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A B C D E F G H I-L M N O P Q R S T U-W X-Z
absolute zero: the temperature at which there is no longer any atomic or molecular vibrational motion: -459.67° Fahrenheit, -273.15° Centigrade, and 0° Kelvin. Deep outer space is 3° above absolute zero everywhere due to heat left over from the Big Bang 13.7 billion years ago. This 3° Kelvin background radiation (see "COBE") is the strongest evidence we have that the Big Bang actually took place. In late 2003 physicists at MIT were able to get within ½ of one billionth of 1 degree of absolute zero. Since temperature is a measure of atomic speed, cooling slows atoms down. At room temperature atoms move at the speed of a jet plane. At this new temperature it takes atoms half a minute to move just one inch, allowing physicists to study important tiny atomic movements that are otherwise drowned out in the fast vibrational motion of atoms and molecules at higher temperatures.
accidental (house) ruler: a planet ruling a house by virtue of its ruling the sign on the cusp of that house (see "ruler" below).
accidentally dignified: said of a planet conjunct an angle. Such a planet is most projected, manifest or noticeable; if the orb is relatively small the planet is often the most influential planet in the chart.
accretion: there are two meanings in astrophysics for this term: 1) the growth of an already massive object by gravitationally attracting more matter to itself, usually gaseous (see accretion disk below); and 2) in solar nebular theory, the collision and subsequent electrostatic adhesion of cooled, microscopic ice and dust particles in protoplanetary discs, eventually leading to planetesimals and perhaps to planets. If the central body is a black hole or some other massive body, the accretion disc often exhibits jets emerging from the disc’s axis of rotation. No one yet knows what causes these jets, but they are spectacular in their energy and extent.
accretion disk: a disk-like structure caused by matter falling into a gravitational source, such as a protosun in a solar nebula, a galactic nucleus, a black hole or a gamma-ray burster. As a large cloud of material collapses, the conservation of angular momentum requires that any small rotation it might have must increase. Since it is statistically unlikely that a large, dynamic cloud will have absolutely no rotation, all such clouds end up spinning as they contract inward. Centripetal force then causes the rotating cloud to form a disc, and tidal effects tend to align the disc’s rotation with that of the central gravitational source. It is probable that Jupiter-sized planets have accretion discs of their own, similar to the solar system as a whole of which they are a part.
adaptive optics (AO): A primary issue confronting large, modern telescopes is the turbulence of the Earth's atmosphere through which their images must necessarily pass before reaching the telescope. The larger the telescope, the more extreme this problem becomes. This is why nowadays all large telescopes are put on the tops of mountains particularly selected for the lack of turbulence in the atmosphere above them, as well as far from light pollution. It is also why the Hubble Telescope (and its planned successors) is in outer space.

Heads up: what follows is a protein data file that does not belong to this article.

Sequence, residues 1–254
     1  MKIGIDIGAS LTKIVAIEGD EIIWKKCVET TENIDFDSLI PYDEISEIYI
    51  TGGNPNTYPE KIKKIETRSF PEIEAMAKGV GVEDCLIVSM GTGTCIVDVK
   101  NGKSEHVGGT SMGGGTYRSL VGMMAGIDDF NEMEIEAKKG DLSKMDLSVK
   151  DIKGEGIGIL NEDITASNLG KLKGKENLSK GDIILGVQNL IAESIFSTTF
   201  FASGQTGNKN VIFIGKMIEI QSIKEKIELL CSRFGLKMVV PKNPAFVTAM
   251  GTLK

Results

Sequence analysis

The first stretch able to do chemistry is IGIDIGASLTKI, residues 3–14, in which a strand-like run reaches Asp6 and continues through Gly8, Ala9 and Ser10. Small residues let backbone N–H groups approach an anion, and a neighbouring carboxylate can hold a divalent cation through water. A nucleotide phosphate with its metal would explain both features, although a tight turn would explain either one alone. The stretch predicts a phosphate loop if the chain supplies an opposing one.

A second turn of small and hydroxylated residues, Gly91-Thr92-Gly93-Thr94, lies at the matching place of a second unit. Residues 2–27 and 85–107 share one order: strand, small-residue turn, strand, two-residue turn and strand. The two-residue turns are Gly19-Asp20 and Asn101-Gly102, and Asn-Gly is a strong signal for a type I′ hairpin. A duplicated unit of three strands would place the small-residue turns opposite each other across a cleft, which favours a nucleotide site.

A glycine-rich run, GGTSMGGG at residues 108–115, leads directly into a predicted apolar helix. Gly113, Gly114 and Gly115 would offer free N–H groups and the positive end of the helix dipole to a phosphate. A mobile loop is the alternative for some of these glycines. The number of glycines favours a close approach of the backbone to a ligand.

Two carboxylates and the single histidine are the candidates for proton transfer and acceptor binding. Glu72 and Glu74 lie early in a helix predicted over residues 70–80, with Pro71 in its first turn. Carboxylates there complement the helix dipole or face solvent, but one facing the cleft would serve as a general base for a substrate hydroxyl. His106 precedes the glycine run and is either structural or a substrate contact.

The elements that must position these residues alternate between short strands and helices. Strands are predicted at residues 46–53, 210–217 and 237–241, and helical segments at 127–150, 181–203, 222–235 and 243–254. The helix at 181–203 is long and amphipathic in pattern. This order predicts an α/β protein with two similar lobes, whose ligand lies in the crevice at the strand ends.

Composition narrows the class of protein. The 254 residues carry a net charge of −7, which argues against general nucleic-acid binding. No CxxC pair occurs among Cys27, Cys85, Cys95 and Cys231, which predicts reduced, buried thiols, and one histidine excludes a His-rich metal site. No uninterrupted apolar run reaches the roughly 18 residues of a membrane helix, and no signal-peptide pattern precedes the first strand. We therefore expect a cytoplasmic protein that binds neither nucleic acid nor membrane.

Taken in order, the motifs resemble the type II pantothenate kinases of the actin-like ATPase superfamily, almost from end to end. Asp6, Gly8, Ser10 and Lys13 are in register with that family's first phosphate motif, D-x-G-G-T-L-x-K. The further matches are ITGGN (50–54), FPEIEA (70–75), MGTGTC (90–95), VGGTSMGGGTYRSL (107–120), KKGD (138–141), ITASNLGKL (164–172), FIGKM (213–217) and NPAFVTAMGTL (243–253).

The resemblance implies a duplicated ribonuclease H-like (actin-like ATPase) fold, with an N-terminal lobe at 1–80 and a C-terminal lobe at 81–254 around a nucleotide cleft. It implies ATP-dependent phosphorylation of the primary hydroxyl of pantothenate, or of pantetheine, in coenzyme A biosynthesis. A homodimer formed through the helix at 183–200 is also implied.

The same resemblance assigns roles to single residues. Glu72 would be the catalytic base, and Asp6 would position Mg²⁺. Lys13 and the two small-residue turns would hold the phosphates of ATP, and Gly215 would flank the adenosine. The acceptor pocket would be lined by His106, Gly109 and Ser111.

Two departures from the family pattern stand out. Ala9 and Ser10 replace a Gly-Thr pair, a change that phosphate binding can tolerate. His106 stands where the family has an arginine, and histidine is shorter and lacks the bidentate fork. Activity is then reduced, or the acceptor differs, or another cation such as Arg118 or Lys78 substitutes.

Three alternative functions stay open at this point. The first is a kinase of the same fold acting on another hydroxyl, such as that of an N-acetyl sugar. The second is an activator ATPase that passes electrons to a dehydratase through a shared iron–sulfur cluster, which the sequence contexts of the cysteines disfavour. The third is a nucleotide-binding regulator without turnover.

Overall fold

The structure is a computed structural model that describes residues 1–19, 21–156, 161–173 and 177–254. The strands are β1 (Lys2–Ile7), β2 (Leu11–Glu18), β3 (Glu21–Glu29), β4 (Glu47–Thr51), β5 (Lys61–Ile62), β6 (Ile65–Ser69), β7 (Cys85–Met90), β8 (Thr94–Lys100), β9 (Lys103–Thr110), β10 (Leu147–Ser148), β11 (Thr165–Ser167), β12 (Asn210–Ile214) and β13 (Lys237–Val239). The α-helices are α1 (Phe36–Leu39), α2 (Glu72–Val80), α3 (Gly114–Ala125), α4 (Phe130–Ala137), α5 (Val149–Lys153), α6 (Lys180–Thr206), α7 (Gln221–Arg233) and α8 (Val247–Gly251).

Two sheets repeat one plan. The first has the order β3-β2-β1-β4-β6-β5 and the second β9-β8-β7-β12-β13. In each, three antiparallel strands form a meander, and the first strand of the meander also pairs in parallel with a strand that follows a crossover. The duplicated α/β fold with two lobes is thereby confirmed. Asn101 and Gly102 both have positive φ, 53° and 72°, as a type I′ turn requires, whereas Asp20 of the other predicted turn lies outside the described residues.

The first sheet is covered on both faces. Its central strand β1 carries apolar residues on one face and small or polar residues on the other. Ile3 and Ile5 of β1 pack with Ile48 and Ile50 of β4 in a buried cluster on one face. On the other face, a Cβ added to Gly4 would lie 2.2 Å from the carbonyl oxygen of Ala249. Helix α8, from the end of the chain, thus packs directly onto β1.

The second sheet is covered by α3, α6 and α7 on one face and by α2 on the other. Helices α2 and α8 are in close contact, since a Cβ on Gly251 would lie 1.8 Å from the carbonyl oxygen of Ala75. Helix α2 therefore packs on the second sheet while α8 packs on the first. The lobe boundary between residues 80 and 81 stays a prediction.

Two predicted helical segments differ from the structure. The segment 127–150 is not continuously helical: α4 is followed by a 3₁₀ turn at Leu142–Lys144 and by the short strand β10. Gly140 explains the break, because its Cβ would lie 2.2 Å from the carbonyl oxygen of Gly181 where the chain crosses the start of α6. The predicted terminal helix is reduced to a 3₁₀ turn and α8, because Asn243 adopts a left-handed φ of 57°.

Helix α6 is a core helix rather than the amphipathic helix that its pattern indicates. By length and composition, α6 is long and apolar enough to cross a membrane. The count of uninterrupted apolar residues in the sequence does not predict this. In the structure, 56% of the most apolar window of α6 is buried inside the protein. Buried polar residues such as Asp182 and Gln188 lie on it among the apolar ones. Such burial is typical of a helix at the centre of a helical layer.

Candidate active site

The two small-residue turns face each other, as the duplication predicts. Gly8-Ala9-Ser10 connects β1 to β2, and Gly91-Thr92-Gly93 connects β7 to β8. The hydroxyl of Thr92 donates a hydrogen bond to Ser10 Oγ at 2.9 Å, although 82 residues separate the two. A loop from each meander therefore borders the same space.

Another way to address this problem, however, is referred to by some as the most revolutionary advance in astronomy since Galileo's 1609 introduction of the telescope itself. Known as adaptive optics, it is a procedure of measuring the atmospheric distortion in a celestial object's light beam, and then sending signals to deform a multitude of mirrors in the light path to exactly compensate for the atmospheric turbulence. This is accomplished by dividing the light reflected from the telescope mirror into hundreds of smaller beams, each of which is examined for deviation from a standard due to turbulence. The system's electronic circuitry computes the shape of many small mirrors, so that when each is altered their individual distorted beams realign in the same direction. Then these deformable mirrors are sent a signal that in fact does change their shapes, producing a composite, undistorted beam.
In order to know how to deform the deformable mirror, the shape of both the distorted and undistorted image need to be known. The undistorted shape for stars is usually just a point without detail. In fact, since stars are so far away, anything more than just a geometrical point must be an artifact (imperfection) of the optical system. To determine the final distorted shape of an ideal point source once it reaches the Earth’s surface, adaptive optics systems initially used a bright star near the telescope’s target as a comparison source for the distorted wavefront. This, however, required that the object being observed was close to a relatively bright star, which is usually not the case.
Subsequent AO techniques use a laser beam instead of a guide star. There's a naturally occurring layer of sodium atoms 60 miles above the Earth's surface (in the mesospheric layer) whose atoms fluoresce when excited by a laser beam. A laser directed into the sky very close to the direction of a celestial object will cause the mesosphere's sodium atoms to fluoresce, and that directional location becomes a "guide star" for the celestial object of interest. This allows any object to be observed even with no bright stars nearby.